Why the global financials bull run will likely continue
The most recent performance ranking from Morningstar shows that the Sanlam Global Financial Fund has delivered stellar returns for the 12 months ending June 2017. But what can we expect from global financials going forward? Fund manager Kokkie Kooyman says that the current market environment is indicating that we are only at the beginning of a global financials bull run that could last several years.
A lot has changed over the past 12 months in terms of sentiment towards financials
By June 2016, Russia had invaded Ukraine, the oil price had fallen from $110 to a multi-year low of $25 (US dollars per barrel), and US banks had been sold down on fears of large oil industry exposures. These events raised concerns among investors and steered them away from financial shares. A year later however, the Sanlam Global Financial Fund’s A class has gained 42.6% versus the 18.2% return from the MSCI World Index. The question is: does this point towards a missed opportunity (up until now) and an indication of what investors can expect going forward?
I believe the financials bull run has just started
I have managed funds during two bull cycles: between 1989 and 1997, and between 2002 and 2007 when we had the global equity and financials bull market. Based on these experiences I believe we are in fact at the beginning of a global financials bull run, rather than at the end of a bull run, for the following reasons:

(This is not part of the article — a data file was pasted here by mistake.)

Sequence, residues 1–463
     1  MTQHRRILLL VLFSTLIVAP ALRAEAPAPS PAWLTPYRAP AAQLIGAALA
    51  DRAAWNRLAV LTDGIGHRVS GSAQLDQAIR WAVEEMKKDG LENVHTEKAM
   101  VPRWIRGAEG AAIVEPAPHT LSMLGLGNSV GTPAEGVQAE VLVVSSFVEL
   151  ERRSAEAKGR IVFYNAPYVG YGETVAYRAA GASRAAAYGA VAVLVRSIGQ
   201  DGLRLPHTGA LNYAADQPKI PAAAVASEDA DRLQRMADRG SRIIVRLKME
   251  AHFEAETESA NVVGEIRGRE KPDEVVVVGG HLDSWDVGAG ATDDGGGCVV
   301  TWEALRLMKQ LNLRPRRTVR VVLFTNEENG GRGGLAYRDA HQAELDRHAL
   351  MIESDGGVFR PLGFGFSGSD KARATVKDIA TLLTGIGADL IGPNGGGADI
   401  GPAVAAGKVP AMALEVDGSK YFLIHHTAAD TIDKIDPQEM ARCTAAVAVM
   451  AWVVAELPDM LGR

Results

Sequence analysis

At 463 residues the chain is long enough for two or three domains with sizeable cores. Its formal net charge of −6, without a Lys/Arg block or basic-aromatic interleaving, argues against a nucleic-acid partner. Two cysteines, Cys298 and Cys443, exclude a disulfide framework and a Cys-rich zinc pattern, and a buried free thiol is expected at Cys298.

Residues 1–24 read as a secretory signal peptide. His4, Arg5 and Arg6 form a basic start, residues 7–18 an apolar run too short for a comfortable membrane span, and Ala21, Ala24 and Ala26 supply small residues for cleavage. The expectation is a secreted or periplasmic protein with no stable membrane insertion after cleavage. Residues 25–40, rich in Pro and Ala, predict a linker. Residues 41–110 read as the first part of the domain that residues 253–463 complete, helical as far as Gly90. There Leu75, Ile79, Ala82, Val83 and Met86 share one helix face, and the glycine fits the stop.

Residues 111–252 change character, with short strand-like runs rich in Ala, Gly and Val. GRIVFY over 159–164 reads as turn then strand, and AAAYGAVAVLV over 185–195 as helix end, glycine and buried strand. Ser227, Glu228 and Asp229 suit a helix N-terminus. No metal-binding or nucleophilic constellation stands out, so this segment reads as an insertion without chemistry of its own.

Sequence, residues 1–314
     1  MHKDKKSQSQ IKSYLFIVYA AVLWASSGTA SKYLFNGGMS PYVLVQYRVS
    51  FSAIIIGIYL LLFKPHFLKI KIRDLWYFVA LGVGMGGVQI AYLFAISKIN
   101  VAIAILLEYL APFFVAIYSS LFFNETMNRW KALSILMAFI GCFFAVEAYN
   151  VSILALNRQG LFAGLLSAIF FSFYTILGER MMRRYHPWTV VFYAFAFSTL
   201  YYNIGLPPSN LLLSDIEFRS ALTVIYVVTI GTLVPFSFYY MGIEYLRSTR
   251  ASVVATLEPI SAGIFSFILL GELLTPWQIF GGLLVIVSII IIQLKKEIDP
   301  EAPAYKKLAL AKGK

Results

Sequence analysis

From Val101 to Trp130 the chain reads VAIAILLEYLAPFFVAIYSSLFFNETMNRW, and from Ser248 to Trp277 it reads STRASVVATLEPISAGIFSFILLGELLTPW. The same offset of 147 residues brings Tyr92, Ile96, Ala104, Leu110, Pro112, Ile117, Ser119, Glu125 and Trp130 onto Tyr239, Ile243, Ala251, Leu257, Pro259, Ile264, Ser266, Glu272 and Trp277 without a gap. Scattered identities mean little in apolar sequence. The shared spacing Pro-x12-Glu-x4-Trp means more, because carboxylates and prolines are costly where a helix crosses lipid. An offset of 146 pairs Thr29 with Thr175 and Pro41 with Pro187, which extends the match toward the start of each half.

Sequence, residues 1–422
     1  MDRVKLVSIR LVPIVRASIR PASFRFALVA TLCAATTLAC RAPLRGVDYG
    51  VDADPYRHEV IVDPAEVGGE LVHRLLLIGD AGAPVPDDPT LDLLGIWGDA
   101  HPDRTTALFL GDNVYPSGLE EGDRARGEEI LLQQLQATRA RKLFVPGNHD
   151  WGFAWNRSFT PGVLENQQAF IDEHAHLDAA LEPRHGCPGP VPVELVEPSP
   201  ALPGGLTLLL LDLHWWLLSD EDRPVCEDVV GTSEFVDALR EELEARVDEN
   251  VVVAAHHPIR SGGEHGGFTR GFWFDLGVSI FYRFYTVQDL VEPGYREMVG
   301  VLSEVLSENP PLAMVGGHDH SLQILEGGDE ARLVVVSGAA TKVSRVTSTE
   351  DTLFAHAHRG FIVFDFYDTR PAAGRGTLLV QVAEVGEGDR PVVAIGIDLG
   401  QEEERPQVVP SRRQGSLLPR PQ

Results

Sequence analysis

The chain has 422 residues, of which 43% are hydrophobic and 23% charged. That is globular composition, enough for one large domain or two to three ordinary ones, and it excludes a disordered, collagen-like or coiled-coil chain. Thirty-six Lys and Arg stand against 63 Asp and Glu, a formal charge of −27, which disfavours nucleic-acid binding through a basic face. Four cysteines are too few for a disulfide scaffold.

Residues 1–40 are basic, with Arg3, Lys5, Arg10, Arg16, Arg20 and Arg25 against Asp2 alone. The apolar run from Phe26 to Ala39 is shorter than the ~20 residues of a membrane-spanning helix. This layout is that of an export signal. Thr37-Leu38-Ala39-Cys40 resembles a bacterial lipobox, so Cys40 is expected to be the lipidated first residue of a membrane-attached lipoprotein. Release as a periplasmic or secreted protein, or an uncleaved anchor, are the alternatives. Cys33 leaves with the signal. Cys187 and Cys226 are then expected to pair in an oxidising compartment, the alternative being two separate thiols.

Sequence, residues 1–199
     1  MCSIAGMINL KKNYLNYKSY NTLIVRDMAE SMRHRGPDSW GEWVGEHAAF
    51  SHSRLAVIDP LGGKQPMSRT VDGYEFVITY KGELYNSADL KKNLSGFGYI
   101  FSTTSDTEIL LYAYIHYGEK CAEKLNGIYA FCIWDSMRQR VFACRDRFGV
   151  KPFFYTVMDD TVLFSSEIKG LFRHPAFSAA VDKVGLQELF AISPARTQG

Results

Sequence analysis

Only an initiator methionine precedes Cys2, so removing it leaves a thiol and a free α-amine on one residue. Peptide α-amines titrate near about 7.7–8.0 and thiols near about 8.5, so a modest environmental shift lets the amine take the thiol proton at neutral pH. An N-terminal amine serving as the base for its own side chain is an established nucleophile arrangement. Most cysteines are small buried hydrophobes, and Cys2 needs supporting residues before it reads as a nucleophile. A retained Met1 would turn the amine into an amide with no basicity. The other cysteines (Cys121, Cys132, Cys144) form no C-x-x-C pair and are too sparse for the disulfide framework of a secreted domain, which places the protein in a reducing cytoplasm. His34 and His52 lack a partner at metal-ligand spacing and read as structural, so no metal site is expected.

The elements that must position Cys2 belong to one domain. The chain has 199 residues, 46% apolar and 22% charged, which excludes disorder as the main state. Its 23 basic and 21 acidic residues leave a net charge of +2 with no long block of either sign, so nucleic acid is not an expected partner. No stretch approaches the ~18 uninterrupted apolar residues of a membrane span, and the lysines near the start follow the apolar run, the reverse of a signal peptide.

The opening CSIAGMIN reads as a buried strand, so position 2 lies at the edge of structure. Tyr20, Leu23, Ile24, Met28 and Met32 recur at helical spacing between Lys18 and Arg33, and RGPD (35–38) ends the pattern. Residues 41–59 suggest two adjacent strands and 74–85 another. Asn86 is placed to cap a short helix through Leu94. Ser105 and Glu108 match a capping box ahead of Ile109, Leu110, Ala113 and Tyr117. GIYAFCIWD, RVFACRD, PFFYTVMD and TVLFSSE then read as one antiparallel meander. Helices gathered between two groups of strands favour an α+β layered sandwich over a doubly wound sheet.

- Financial activity should increase going forward
– There are indications that the global low-growth, low-inflation, low-interest-rate environment has finally come to an end.
– This is good for confidence, since it will trigger increased financial activity in the form of investment, lending and mergers and acquisitions.
- The rise in financials is starting from a low base, leaving room for long-term growth
– The upswing has started from a very healthy and low base and the financial sector generally has strong and clean balance sheets (with a few exceptions in Greece, Italy and Spain).
– Because it starts from such a low base, the wave should last several years. This should result in higher net interest margins and improved cost-to-income ratios, which should in turn lead to a period of sustained, above-average shareholder value growth.
- Fewer regulatory challenges mean lower costs
– The regulatory headwinds seem to have peaked. Going forward, the automation of the additional information requirements will result in cost savings by banks and insurers.
- Higher interest rates should enable banks and insurers to re-rate
– Finally, the financial sector remains undervalued and higher interest rates should see both insurers and banks re-rate and outperform the general equity indices.
In short, I believe the driving forces behind the rally could continue for anything from four to 10 years, which may support financials’ outperformance of other sectors over that period.
Our fund is well-positioned to benefit from future growth and mispricings